This page is part of © FOTW Flags Of The World website

Dictionary of Vexillology: S (Surfing Flag - Symmetrical Outwardly Stepped)

Last modified: 2022-03-05 by rob raeside
Keywords: vexillological terms |
Links: FOTW homepage | search | disclaimer and copyright | write us | mirrors

On this page:

See ‘beach flag’.

surfing flags surfing flags
Surfing Flag UK and Surfing Pennant France (fotw)

1) In vexillology a term that may be used when one charge is placed above or at the top of another – but see ‘above 1)’ (also ‘charge 1)’ and ‘topped 1)’).
2) In heraldry the term used when an ordinary or a charge (or charges) is (or are) placed over – that is in front of – another as per the examples given below, and which generally (although not exclusively) touches the field – but see the notes below, ‘charged 2)’, ‘debruised’ and ‘overall 2)’ (also ‘charge 1)’, ‘ensigned’, ‘ordinary’ and ‘throughout’.

Danzig 1920 Riuprimer; Spain Vilabertran, Spain Vilabertran, Spain
Civil Flag and Ensign of Danzig 1920 – 1939 (fotw); Flag of Santa Eulàlia de Riuprimer; Spain (fotw); Naval Flag of the Christ’s Knights Order 17thC, Portugal (fotw); Flag of Vilabertran, Spain (fotw)

a) With regard to 2) the correct heraldic term for a charge (such as a crown or coronet) placed above rather than over - that is in front of - another is ‘ensigned’ as referenced above.
b) Also please note with regard to 2), it is suggested that a glossary or dictionary or heraldry be consulted with regard to comparative use of the terms "charged", “overall” and “surmounted by”.

1) See ‘fictitious flag’.
2) A flag that is introduced as a replacement for one previously in use but now banned.

[surrogate flag] [surrogate flag]
Surrogate/Fictitious flag of the Soviet Army (fotw); Surrogate Civil Ensign 1945, Japan (fotw)

An alternative heraldic term to overall - see ‘overall 2)’.

[Chêne-Bourg] [Chêne-Bourg]
Arms and Flag of Chêne-Bourg, Switzerland (Wikipedia & fotw)

See ‘fan’ (also ‘bunting 2)’).


1) A V-shaped cut in the fly of a flag or pennant and forming two points - fork/forked tail or fork-tailed - but see 'double pointed' (also ‘crutch’ ‘fly 1)’, ‘indentation(s)’, ‘orthogonal’, ‘palm’, ‘rounded swallow-tail’ and ‘hussar cut’).
2) adj A flag or pennant having such a cut or cuts in the fly (see also ‘swallowtail and tongue’, ‘triangular-tongued’ and ‘triple-tailed 2)’)..

[a swallowtail flag] [a swallowtail flag] [a swallowtail flag]
Naval Ensign of Germany (fotw); State Ensign of Saar, Germany (fotw); Flag of Galanta, Slovakia (fotw)

1) A flag as above, but having a narrower third tail between the other two and so coming to three points at the fly - three-tailed or tongued, or a double- or (inaccurately) triple-swallowtail (see also ‘indentation(s)’ ‘palm’, ‘square-tongued’, ‘tails’, ‘tongue(s) 1)’ and ‘triangular-tongued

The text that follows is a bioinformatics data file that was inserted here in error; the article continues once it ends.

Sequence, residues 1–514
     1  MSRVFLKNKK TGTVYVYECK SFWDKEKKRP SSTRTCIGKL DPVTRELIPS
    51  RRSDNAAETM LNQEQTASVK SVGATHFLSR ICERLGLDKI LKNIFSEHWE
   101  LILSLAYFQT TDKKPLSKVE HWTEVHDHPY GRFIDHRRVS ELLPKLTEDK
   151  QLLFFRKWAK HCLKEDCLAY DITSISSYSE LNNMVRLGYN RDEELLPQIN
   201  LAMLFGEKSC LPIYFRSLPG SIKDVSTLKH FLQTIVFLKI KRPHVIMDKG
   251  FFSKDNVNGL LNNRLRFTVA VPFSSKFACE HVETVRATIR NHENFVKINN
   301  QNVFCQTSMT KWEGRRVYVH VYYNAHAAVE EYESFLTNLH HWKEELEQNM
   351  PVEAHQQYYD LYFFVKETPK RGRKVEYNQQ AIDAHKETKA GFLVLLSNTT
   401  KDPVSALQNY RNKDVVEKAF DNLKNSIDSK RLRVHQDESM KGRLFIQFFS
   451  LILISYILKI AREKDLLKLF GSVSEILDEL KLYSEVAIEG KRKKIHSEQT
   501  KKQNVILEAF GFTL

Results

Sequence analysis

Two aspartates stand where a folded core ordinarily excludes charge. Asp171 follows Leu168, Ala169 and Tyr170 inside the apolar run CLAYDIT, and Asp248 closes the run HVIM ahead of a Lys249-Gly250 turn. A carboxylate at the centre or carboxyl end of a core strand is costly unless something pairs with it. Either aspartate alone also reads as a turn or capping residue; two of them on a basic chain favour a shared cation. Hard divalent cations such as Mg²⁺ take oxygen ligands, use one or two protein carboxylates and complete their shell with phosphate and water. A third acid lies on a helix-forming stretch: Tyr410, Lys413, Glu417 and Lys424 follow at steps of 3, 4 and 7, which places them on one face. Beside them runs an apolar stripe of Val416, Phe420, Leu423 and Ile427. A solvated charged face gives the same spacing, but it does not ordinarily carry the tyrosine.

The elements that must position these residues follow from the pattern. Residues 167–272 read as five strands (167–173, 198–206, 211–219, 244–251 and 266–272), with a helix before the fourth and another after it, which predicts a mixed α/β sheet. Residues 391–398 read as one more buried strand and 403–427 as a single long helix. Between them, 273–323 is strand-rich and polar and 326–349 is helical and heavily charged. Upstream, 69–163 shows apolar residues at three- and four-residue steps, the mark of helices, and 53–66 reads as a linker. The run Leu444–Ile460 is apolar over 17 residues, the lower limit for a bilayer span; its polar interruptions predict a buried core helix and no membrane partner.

2) See ‘triple-tailed 1)’).

[Norway naval ensign - a tongued swallowtail]  [Finnish naval ensign] [Swedish naval ensign]
War Flag/State Flag/Naval Ensign of Norway (fotw); War Flag/Naval Ensign of Finland (fotw); Naval Ensign of Sweden (fotw)

An ancient symbol in the form of an equal-armed cross with each arm continued at a right angle, presently used (running anti-clockwise) as the emblem of a Chinese humanitarian organization founded in 1922, (in a clock-wise form) on some flags of Finland, and until 1945 as the emblem of the German Nazi Party – a crooked/hooked cross, fylfot or cross potent rebated (see also ‘arrow cross’, ‘cross 2)’, ‘rune(s)’ and ‘sun cross’).

[swastika examples] [Germany 1933] [swastika] [Finland air squadron]
China, 1922 - (CS); The National Flag, Germany 1933-45; National Socialist White People's Party 1976, US (fotw); Air Force Squadron Flag, Finland (fotw)

A sharp-edged weapon consisting of a blade and a hilt (handle); it will usually be equipped with a full or partial handguard and in some cases also a pommel. Swords vary much with period and region, although in general (vexillological) use the name largely (but by no means exclusively) refers to a medieval-type weapon having a straight double-edged blade, with a hilt, cross-guard and pommel, and based upon a classical Roman short-sword – the gladius – but see ‘sabre’, ‘scimitar’ and ‘zulfikar’ (also ‘hilted’ and ‘pommeled’).

[sword] [sword] [sword]
Flag of Haarlem, The Netherlands (fotw); Arms of Żory, Poland (fotw); Flag of the Army, UK (fotw)

Please note that the many types of sword are beyond the remit of this dictionary, and it is suggested that a suitable source be consulted if further details are required.

See ‘cross fitchy’ and ‘cross of Santiago’.

[sword cross] [sword cross] [sword cross]
Flag of Wilstedt, Germany (fotw); Arms and Flag of Alcoutim, Portugal (fotw)

See ‘zulfikar’.

Bey of Tunis
Standard of the Bey of Tunis c1860 - 1957 (fotw)

See ‘dress knot’.

[dress knot]
Officer’s Sword/Dress Knot, USN and USCG (

1) Generically, the vexilloid, flag, coat of arms, emblem or badge that may be considered representative or symbolic of a nation, region, municipality, people, organization or cause – see ‘badge 1)’, ‘coat of arms 1), ‘emblem 1)’, ‘emblem, military or governmental’, ‘emblem, state or national’, ‘vexilloid 1)’ and ‘vexilloid 1)’.
2) Specifically, see ‘Logo 1)’.

[Nordic Council] [Nordic Council]  [Azuma] [PANAM]
Former Flag of the Nordic Council (fotw); Arms of Jesenice, Slovenia (fotw); Former Flag of Azuma, Japan (fotw); Flag of Pan American World Airways (fotw)

In heraldry see ‘abatements’.

Lion couard denoting cowardice or dishonour (Wikipedia)

See ‘stepped gonfalon’.

stepped gonfalons stepped gonfalons

Introduction | Table of Contents | Index of Terms | Previous Page | Next Page